01 614 4570
[javascript protected email address]

How are those resolutions faring at this stage?

Call me back



Home  /  Wisdom Teeth - Dental News  /  How are those resolutions faring at this stage?
Jan
14

Even if some of your other New Year’s resolutions have been broken at this stage, don’t give up on your dental care regime.

According to the experts (whoever they might be), over 90% of us have given up on our New Year’s resolutions already. And it’s not hard to see why.

We tend to go mad when we make resolutions, vowing to lose weight, give us the fags, take up painting – all at the same time. It’s an absolute recipe for disaster.

Those self-same experts tell us that we have a better chance of staying on the straight and narrow if we make just one resolution – and more to the point, if we break the resolution into small, manageable chunks.

If you wanted to lose weight, for example, you should break this into mini-tasks like walking four times a week, giving up fried food, drinking lots of water etc.

So what about my dental care regime?

If we apply this same principle to resolving to look after our teeth a tad better in the New Year, it would help if we broke it into the following steps, each making its own contribution to our overall success:

  • Brushing your teeth is the simplest step you can possibly take when it comes to looking after your teeth, Ideally, you should brush after every meal, but this isn’t always practical when you’re out and about. At a minimum, however, you should brush in the morning (after breakfast) and last thing at night.
  • Don’t skimp on replacing your toothbrush. As soon as the bristles start to show signs of wear and tear, it’s time to throw it out and get another. And if you’ve had a serious infection – such as a strep throat – it might be wise to replace your toothbrush afterwards as otherwise, you run the risk of re-infecting yourself. You should also consider having a separate toothbrush in the office, so you can have a quick brush after lunch.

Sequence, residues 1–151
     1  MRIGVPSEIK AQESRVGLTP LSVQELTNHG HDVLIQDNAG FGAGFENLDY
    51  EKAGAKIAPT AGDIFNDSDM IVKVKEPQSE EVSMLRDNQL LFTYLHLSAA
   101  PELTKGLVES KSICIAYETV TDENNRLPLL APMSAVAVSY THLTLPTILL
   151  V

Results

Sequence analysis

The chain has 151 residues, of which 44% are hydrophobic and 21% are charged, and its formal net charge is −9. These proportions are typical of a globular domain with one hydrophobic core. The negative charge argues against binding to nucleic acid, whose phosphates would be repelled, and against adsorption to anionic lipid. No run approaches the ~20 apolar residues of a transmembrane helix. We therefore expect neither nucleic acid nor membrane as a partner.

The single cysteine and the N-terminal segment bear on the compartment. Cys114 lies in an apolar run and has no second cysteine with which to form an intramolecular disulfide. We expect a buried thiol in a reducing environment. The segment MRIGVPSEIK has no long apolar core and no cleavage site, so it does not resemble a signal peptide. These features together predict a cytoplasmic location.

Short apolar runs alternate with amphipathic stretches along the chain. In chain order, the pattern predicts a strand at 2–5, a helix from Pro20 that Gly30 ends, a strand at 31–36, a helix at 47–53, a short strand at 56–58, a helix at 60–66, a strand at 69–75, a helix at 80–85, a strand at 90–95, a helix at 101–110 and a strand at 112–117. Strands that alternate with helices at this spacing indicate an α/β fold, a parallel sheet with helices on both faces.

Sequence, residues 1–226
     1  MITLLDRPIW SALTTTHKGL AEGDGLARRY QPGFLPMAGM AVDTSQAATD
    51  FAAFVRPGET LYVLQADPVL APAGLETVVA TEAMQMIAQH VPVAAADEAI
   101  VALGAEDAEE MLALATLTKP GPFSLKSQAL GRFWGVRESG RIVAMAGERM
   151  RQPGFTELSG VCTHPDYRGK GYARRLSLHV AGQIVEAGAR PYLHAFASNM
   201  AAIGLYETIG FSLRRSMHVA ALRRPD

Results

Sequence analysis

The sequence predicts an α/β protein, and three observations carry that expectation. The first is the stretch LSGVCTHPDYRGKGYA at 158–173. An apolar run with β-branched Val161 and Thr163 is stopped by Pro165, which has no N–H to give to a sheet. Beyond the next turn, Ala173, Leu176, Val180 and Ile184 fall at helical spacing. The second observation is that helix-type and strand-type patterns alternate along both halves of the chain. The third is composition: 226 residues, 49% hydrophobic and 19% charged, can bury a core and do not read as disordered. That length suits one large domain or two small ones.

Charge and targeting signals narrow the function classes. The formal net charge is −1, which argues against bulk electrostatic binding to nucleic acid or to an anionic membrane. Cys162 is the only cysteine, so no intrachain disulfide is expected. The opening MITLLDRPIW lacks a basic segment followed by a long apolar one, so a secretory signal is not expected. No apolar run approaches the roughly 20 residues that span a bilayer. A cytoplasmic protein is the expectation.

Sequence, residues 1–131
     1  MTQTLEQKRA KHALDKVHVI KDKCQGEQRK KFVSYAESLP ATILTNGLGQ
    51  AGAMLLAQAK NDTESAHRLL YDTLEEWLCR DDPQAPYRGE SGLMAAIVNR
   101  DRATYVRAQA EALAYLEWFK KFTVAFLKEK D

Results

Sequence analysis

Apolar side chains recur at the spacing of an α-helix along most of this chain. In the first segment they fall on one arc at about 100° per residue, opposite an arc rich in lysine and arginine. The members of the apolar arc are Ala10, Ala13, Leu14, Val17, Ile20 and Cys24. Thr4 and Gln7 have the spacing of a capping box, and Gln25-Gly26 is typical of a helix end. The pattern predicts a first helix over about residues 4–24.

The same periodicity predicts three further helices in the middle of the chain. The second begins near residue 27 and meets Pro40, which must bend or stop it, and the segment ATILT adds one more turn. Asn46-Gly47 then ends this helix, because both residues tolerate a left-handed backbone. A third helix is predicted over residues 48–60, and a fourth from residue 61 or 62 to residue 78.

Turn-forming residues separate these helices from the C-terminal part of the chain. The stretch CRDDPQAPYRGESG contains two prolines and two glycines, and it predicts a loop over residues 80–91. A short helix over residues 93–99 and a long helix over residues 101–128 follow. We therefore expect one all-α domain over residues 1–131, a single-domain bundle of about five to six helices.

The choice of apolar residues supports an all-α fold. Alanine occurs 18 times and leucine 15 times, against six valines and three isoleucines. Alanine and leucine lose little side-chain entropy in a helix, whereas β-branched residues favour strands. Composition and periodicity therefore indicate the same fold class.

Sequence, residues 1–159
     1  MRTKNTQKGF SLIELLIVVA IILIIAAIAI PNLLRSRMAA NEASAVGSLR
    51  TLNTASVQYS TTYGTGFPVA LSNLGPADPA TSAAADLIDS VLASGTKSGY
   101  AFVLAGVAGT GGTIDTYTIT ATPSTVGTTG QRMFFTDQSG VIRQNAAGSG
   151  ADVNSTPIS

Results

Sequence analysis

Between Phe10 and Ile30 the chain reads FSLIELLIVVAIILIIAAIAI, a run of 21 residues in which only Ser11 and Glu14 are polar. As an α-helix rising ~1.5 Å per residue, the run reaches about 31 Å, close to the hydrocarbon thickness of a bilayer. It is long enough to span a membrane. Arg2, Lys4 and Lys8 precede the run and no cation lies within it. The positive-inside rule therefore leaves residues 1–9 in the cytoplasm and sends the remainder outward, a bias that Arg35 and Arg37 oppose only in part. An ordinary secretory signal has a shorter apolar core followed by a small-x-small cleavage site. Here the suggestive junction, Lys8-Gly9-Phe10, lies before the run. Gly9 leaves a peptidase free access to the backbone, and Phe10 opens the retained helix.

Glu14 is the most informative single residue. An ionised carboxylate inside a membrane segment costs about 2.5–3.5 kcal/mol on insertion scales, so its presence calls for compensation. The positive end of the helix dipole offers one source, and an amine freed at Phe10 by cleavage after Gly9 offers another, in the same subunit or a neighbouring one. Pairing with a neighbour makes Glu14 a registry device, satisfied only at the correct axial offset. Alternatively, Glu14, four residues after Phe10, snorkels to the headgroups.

• If you’re going to use a mouthwash, don’t be fooled into thinking that it’s all about freshening up your breath. You should look for a product that actively fights bacteria, as this is the only long-term approach to controlling slightly iffy breath.
  • Many of us get hunger pangs after a number of hours, but you’d be doing yourself a huge favour if you tackled it with fruit rather than chocolate or crisps. Crisps are particularly hard on your teeth, as they tend to hide in all those small gaps between your teeth, and they can stay there doing damage until you brush again – potentially many hours later.
  • As well as brushing, you need to either floss or use an interdental brush on a regular basis. This is essential for getting at those gaps between your teeth and prevents the build-up of bacteria by getting rid of the food on which it thrives.
  • Keep an eye on the clock when brushing. You should stick at it for around two minutes, but very few of us have a real idea of how long this is. So use a stopwatch for a full week when brushing, and get used to giving enough time to the task.

Will this solve all your dental problems?

The answer to this question is that it will address MOST of the normal problems like cavities, gum disease etc.

Yu might still need treatment such as wisdom teeth removal, for example, as this is pretty much a condition that you’re born with – and that takes a number of years to manifest it.

When wisdom teeth symptoms appear, no amount of brusing your teeth will sort it, but it’s nice to know that all of those other expensive treatments will be kept off your radar with a good dental health regime.

It’s a fantastic resolution to make – regardless of how many other you may have broken. So go on, resolve once again to look after your teeth. They’ll last you a lifetime if you do!

One last thought before we go. We get a lot of people coming into the surgery at this time of year looking to improve their appearance by having their teeth whitened. If you’re considering this, you might like to check out the Irish Dental Council for some guidance on this topic – http://www.dentalcouncil.ie/toothwhitening.php